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Bonus Teaser from Grave Danger by S. K. Gregory #SummerZombie

Check out this bonus teaser from one of S. K. Gregory’s most celebrated works …

Gregory pic cover bonus Grave Danger

Excerpt from Grave Danger by S. K. Gregory

Halloween, 2003

Aurelia ran along the street, feet pounding as she chased after her best friend Claire. She knew where she was heading without her even having to say it. She was going to the cemetery out near the river, on the edge of Stone Marsh. It was all she had been talking about since the school year began. She wanted to visit the cemetery on Halloween and try and summon a ghost. It was an obsession with her.

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Aurelia had only agreed to it to shut her up. Claire was always obsessing over something, but Aurelia suspected that this one was due to the fact that her grandfather had died over the summer. They had been really close, and Aurelia couldn’t blame her for wanting to know if there was something more out there. Claire had been reading any book she could get her hands on about ghosts.

What Aurelia did object to was the fact that Claire had invited a bunch of people from school along, too. They were going to gather around one of the graves and chant a spell. Or rather what passed as a spell. Claire had printed one off from her computer.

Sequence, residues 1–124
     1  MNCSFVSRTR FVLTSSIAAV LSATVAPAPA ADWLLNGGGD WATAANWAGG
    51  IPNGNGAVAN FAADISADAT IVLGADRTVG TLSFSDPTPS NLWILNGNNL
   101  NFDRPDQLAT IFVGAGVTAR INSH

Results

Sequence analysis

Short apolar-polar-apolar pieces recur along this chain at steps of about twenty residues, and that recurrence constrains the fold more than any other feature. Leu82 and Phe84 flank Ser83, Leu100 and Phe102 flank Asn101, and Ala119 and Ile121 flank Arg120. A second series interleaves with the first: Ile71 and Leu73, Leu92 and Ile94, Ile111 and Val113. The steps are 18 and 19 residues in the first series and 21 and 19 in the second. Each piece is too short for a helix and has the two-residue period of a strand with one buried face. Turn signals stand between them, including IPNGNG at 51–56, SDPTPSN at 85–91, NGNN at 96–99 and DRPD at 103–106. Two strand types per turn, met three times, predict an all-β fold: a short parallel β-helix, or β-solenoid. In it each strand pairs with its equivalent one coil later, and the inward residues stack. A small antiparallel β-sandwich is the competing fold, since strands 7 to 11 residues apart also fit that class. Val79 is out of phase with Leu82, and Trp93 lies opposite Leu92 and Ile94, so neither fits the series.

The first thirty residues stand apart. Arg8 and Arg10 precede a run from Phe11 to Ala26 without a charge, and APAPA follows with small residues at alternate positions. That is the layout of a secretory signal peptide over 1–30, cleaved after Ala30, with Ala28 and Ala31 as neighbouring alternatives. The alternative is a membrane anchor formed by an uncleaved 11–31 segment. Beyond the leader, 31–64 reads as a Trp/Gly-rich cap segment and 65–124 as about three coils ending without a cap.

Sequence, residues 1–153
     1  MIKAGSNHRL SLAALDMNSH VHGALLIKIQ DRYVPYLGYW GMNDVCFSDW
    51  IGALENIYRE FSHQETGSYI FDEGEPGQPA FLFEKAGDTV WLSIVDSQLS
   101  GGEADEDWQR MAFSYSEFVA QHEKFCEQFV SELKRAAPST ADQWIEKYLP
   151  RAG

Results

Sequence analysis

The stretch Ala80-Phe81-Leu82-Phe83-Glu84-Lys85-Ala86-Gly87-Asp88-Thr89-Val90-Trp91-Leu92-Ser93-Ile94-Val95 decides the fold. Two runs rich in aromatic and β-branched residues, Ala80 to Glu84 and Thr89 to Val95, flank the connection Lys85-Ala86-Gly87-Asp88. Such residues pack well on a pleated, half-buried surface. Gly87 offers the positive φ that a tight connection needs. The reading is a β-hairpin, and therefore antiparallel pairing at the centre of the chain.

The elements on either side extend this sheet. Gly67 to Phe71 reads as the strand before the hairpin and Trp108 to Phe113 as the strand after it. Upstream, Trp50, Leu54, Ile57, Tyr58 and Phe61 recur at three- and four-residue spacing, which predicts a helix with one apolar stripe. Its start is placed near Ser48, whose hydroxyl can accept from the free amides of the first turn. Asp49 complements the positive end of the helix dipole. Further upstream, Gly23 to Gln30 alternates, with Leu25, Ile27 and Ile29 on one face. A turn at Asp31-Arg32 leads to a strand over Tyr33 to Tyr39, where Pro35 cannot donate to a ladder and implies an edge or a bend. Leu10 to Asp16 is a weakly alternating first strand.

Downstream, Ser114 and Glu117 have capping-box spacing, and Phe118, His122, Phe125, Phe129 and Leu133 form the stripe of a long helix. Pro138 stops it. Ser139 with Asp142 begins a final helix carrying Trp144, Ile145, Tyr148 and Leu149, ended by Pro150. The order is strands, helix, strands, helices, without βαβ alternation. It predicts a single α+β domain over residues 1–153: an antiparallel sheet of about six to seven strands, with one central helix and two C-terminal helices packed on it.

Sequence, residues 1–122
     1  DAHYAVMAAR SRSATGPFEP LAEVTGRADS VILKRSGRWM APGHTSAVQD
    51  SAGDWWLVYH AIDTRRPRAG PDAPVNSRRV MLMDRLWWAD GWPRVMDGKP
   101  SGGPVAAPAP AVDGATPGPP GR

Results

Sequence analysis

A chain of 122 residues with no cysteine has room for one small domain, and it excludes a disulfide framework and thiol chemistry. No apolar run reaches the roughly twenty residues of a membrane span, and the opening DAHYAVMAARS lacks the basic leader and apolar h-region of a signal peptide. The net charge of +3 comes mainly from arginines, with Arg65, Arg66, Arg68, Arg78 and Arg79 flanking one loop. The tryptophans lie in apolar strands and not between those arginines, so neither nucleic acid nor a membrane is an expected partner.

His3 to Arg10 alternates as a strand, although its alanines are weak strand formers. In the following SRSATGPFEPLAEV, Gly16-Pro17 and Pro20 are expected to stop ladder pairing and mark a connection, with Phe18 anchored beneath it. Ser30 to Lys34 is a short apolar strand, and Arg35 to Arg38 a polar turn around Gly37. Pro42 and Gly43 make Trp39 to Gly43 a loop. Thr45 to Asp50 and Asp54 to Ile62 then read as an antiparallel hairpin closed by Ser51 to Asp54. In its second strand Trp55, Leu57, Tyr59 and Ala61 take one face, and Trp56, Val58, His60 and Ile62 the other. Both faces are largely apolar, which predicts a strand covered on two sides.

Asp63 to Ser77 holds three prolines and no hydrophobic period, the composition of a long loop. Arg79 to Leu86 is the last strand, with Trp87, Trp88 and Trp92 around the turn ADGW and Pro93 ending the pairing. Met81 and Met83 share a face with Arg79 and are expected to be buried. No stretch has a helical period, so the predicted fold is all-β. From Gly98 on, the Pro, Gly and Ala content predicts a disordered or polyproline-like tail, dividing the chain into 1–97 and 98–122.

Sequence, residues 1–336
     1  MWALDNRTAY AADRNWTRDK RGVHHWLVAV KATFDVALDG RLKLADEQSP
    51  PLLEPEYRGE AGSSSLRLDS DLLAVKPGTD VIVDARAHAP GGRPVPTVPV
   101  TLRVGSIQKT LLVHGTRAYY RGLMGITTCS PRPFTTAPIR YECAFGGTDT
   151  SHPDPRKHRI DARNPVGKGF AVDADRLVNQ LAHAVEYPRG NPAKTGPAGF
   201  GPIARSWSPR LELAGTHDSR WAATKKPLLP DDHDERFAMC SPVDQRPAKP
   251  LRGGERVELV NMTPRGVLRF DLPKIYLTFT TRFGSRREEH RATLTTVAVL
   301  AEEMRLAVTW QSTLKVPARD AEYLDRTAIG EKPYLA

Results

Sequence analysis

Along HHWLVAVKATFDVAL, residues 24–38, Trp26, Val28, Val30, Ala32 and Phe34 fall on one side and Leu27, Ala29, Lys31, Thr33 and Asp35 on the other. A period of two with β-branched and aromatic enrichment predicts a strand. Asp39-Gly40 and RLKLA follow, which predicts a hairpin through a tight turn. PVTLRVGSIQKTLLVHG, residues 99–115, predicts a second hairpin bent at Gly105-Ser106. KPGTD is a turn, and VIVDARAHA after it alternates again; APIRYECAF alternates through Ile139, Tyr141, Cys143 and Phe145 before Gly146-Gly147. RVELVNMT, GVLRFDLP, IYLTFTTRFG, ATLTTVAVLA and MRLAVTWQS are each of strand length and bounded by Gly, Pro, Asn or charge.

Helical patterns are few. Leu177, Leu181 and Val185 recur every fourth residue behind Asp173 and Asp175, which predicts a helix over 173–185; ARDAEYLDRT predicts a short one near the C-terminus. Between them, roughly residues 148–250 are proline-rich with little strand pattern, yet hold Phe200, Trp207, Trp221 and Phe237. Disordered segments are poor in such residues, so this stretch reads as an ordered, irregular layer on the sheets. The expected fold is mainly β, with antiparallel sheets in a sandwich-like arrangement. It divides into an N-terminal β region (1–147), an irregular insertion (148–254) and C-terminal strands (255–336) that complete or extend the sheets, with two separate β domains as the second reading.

A group of little kids passed them, all dressed as Disney princesses, and Aurelia found herself wishing she was little again and could still dress up in costumes without it being considered lame.

We could have gone trick or treating anyway, Aurelia thought. Even if it did risk ridicule, how could you say no to free candy?

The thought of spending the evening in a cemetery terrified her. Not that she would ever admit that to anyone or she would never hear the end of it. Hopefully they could say the spell and, when nothing happened, they could head back to Claire’s house and watch some horror movies. Her mom always let them have a ton of junk food when Aurelia stayed over. It was better than being at home with her aunt. Aurelia knew something about losing people herself. Her mom died when she was ten and it still hurt. Aunt Gloria was her mother’s sister and the only one who was able to look after her when her mom died. A small part of her hoped that something would happen, but she knew from experience that life often disappointed you.